Economic Costs Attributable to Diabetes in Each U.S. State

TitleEconomic Costs Attributable to Diabetes in Each U.S. State
Publication TypeJournal Article
Year of Publication2018
AuthorsShrestha S.S, Honeycutt A.A, Yang W., Zhang P., Khavjou O.A, Poehler D.C, Neuwahl S.J, Hoerger T.J
JournalDiabetes Care
Date PublishedDec
ISBN Number0149-5992
Accession Number30305349
KeywordsAbsenteeism, Adult, Costs and Cost Analysis, Diabetes Mellitus/*economics/*epidemiology, Female, Geography, Health Care Costs/*statistics & numerical data, Health Expenditures/statistics & numerical data, Humans, Male, Mortality, Premature, Prevalence, United States/epidemiology

OBJECTIVE: To estimate direct medical and indirect costs attributable to diabetes in each U.S. state in total and per person with diabetes. RESEARCH DESIGN AND METHODS: We used an attributable fraction approach to estimate direct medical costs using data from the 2013 State Health Expenditure Accounts, 2013 Behavioral Risk Factor Surveillance System, and the Centers for Medicare & Medicaid Services' 2013-2014 Minimum Data Set. We used a human capital approach to estimate indirect costs measured by lost productivity from morbidity (absenteeism, presenteeism, lost household productivity, and inability to work) and premature mortality, using the 2008-2013 National Health Interview Survey, 2013 daily housework value data, 2013 mortality data from the Centers for Disease Control and Prevention Wide-ranging Online Data for Epidemiologic Research, and mean wages from the 2014 Bureau of Labor Statistics. Costs were adjusted to 2017 U.S. dollars. RESULTS: The estimated median state economic cost was $5.9 billion, ranging from $694 million to $55.5 billion, in total and $18,248, ranging from $15,418 to $30,915, per person with diabetes. The corresponding estimates for direct medical costs were $2.8 billion (range $0.3-22.9) and $8,544 (range $6,591-12,953) and for indirect costs were $3.0 billion (range $0.4-32.6) and $9,672 (range $7,133-17,962). In general, the estimated state median indirect costs resulting from morbidity were larger than costs from mortality both in total and per person with diabetes. CONCLUSIONS: Economic costs attributable to diabetes were large and varied widely across states. Our comprehensive state-specific estimates provide essential information needed by state policymakers to monitor the economic burden of the disease and to better plan and evaluate interventions for preventing type 2 diabetes and managing diabetes in their states.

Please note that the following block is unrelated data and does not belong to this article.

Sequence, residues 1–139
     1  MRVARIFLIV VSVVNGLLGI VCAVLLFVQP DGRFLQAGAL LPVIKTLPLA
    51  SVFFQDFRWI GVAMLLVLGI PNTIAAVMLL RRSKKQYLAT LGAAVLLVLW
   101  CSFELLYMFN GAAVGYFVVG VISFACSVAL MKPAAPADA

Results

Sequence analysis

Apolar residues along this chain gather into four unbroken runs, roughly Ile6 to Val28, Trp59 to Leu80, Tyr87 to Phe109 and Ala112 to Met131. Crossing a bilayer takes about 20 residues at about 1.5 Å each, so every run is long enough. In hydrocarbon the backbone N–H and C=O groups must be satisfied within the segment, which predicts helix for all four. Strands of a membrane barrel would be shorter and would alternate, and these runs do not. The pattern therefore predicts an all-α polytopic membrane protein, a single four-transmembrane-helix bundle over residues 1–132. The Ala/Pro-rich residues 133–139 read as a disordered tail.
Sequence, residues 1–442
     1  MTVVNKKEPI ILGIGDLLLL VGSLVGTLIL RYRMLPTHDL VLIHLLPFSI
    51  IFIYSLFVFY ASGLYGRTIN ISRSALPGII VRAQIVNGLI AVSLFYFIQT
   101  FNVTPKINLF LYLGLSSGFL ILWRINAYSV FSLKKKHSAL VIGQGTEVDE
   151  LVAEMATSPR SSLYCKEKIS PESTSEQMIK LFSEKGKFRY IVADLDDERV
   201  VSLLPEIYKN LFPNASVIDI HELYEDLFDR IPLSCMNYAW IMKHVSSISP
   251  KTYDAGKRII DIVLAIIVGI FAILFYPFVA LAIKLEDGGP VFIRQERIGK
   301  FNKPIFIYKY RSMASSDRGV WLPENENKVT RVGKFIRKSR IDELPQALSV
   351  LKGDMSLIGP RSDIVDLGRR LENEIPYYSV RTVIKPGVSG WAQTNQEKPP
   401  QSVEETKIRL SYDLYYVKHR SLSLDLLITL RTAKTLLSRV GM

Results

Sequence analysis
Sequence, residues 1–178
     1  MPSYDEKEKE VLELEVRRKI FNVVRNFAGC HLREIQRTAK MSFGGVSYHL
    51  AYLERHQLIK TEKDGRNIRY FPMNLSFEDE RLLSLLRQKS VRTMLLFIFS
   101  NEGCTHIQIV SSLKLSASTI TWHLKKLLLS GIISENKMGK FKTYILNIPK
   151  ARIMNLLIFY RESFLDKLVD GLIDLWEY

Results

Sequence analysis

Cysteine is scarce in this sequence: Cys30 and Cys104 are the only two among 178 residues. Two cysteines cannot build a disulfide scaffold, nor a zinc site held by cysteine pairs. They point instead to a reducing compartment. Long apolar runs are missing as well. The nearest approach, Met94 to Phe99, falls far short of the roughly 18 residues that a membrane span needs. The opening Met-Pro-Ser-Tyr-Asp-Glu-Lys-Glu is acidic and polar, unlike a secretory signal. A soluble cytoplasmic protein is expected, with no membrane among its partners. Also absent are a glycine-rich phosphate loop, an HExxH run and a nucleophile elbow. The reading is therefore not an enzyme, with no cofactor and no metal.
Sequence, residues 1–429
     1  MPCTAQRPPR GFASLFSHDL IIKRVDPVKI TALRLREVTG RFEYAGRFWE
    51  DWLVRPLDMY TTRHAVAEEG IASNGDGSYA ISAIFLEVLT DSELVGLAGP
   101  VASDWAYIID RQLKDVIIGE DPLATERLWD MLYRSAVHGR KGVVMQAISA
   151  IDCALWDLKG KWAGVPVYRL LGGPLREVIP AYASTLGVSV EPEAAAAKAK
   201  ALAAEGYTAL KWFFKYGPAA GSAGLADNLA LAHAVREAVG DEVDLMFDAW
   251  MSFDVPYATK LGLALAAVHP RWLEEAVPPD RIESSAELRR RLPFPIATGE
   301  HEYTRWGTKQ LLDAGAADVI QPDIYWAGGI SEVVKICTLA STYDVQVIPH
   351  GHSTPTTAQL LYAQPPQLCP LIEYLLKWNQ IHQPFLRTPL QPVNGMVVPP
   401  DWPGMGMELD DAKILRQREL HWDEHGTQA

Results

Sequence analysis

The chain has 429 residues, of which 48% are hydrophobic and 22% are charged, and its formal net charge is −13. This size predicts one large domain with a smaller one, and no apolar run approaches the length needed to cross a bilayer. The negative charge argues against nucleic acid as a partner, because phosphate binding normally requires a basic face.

Short TitleDiabetes careDiabetes care
Alternate JournalDiabetes care